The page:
Gown FAQs

What measurements do I need to buy the pattern? 

Taking Your Measure
When deciding the correct pattern size, a few measurements while wearing stays are in order.  There are two sizes included in each pattern.  Have someone help you take your measures, these cannot be done accurately by yourself.
First the bust measurement.  It is simple, go around the fullest part of your bust at the top of the stays.  Not over the flesh, over the stays. IF your stays are so short that the biggest part of your bust is overflowing, then get the measure on the largest part of you. 
The next measure is your waist, which may end up in a different location while you are are wearing stays, than without.  You want to find the narrowest portion of your stayed figure. A good way to find this is to put a piece of elastic around your waist and move around a bit.  It will settle at your waist.
These two measures will enable you to determine the size you need to purchase.  If your waist is larger than your bust, go with the larger of the two measures when choosing a size.  The average differential between bust and waist in a woman wearing stays is generally 5 or 6 inches.

How long should my gown be?
It depends on the type of gown you are making and why you are making it.  A silk gown meant to be worn indoors can be long, almost reaching the floor if you would like in front and even longer in back.   A working class gown should be shorter, with the finished length at the top of the back of your shoe or even slightly shorter.  A gown meant to be worn out of doors should not reach the ground.  You will wick up moisture and the skirts of your gown will become a sodden, messy business. Look at period images to get an idea for your class of gown.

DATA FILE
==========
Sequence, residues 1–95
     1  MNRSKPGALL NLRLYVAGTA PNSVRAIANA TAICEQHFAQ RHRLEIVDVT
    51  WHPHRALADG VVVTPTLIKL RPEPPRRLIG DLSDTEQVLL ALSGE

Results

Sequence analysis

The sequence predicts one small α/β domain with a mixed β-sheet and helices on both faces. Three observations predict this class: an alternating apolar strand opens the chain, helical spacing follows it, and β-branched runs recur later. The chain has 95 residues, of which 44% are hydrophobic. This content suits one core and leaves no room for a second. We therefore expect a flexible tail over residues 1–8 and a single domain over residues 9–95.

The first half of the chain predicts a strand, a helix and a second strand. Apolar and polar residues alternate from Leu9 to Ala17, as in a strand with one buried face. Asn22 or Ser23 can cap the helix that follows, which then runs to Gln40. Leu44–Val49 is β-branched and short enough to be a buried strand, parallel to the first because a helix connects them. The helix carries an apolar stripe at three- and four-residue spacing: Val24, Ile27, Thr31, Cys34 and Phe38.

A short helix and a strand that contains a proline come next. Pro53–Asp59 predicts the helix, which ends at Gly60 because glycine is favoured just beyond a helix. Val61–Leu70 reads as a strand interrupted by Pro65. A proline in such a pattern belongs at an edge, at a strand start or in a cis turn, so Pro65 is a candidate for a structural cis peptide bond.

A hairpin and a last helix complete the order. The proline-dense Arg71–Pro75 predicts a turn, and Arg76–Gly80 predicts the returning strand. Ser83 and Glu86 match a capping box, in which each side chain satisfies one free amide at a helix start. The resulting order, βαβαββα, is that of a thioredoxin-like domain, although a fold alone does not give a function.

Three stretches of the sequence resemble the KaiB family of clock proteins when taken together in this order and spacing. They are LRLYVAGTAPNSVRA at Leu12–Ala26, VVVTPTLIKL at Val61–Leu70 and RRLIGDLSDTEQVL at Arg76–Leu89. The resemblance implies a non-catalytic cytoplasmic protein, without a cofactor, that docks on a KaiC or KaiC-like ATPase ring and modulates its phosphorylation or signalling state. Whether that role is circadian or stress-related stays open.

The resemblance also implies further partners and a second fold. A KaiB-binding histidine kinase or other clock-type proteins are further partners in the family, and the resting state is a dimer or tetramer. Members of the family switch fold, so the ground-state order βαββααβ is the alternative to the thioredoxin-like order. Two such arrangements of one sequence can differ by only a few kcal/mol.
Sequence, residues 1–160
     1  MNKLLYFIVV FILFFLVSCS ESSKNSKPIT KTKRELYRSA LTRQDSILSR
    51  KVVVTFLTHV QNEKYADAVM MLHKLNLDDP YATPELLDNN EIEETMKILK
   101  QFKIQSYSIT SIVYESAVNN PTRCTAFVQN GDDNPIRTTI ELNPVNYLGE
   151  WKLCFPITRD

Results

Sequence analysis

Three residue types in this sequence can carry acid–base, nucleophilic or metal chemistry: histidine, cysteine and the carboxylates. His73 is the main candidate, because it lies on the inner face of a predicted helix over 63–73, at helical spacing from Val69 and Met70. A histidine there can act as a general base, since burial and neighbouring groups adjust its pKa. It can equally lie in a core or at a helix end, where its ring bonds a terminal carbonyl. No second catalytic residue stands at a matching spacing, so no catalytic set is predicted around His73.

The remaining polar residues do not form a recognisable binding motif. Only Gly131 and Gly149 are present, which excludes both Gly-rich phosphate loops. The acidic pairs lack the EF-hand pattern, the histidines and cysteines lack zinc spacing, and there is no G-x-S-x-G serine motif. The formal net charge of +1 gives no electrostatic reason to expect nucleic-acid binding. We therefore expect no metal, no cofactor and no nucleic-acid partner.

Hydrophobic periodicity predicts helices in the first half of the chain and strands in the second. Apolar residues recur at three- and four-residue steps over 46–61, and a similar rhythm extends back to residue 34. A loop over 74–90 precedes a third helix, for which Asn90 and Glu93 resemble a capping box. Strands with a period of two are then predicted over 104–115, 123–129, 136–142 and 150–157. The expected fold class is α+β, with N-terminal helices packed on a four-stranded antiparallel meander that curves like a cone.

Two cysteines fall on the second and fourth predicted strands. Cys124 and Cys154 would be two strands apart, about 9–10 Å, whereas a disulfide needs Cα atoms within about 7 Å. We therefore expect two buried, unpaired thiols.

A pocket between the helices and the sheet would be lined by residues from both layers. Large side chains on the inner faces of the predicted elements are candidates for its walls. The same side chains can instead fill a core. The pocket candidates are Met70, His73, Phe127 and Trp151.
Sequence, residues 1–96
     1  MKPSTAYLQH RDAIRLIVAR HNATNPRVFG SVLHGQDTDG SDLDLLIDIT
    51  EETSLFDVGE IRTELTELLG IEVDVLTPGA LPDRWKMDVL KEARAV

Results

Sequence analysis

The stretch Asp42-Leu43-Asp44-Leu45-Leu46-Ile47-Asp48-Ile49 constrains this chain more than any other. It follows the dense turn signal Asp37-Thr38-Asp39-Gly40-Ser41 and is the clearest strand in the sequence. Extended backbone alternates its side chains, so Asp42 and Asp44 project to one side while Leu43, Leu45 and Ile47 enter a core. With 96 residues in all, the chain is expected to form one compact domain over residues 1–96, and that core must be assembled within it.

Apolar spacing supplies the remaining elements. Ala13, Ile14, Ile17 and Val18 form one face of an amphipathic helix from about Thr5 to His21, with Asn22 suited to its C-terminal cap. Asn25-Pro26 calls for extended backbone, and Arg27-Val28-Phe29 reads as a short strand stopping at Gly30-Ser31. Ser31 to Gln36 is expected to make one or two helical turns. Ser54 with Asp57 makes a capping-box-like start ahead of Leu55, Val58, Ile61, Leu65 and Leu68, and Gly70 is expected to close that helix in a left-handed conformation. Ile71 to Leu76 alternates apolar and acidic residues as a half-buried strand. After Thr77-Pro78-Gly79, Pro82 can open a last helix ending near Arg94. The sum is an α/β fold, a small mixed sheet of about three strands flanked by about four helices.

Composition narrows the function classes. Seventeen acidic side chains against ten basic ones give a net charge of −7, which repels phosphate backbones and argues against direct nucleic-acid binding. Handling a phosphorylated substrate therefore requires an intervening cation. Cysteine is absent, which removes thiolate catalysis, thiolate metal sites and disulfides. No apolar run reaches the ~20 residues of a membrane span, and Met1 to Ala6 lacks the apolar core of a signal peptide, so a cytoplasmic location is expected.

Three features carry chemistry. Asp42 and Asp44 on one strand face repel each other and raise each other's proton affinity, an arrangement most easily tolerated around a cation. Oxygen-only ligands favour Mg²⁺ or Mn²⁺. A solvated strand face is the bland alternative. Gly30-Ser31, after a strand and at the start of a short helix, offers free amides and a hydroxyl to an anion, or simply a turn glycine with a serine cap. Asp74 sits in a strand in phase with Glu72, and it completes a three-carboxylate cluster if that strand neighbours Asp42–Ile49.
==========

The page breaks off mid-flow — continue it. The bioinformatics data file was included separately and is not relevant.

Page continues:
Should my petticoat match my gown?
It is nice if you can to always buy enough fabric to make a matching petticoat. Putting both gown and petticoat together, automatically makes it a bit more formal in appearance, so if you want to dress your gown up a little you wear the matching petticoat.
It is not necessary to have the petticoat match, a contrasting petticoat can be worn, but the fabric of the petticoat should be in line with the class of the gown. A silk gown would look silly with a coarse woolen petticoat. 
Is this gown appropriate for Rev War?
Yes.  The stomacher front gown is still featured as the Dress of the Year as late as 1774, which means it was still high fashion.  The gown opening is narrowing, the stomacher is becoming smaller and eventually it disappears in high fashion beginning in 1775-6 but it takes a while even then.

One of the first sightings of a totally closed front gown, "Dress of the Year 1775". 

Can I use a sewing machine?  I don't sew by hand. 
There are a few long seams, such as the skirt and petticoat long seams that can be joined with a machine.  Many of the other seams, do require hand sewing, it would be awkward and counterproductive to try and sew these by machine.  Hand sewing is not the bear that many think it is, and we have diagrams for all the stitches requires.  Often in our gown workshops we have beginners, who can't even thread a needle and often they produce the best gown in the group.  

How much fabric does a gown take? 
The gown will require 4 to 5 yards of 54-60 inch wide fabric or 6 to 7 yards of 45 inch wide fabric. Unless you are really, really tall.  If you are over 5' 10 inches, then add a yard to that requirement. Additional yardage is needed for a petticoat.

How much lining fabric? 
Purchase one yard of lining fabric for sizes 34-39. Buy 1 and 1/2 yards for size 41-51.  Buy a nice sturdy linen, do not use the flotsam at the bottom of your stash. The lining supports the gown pleats and the skirt.  It needs to be a nice tightly woven weave, and white is the preferred color. Off white or natural is fine.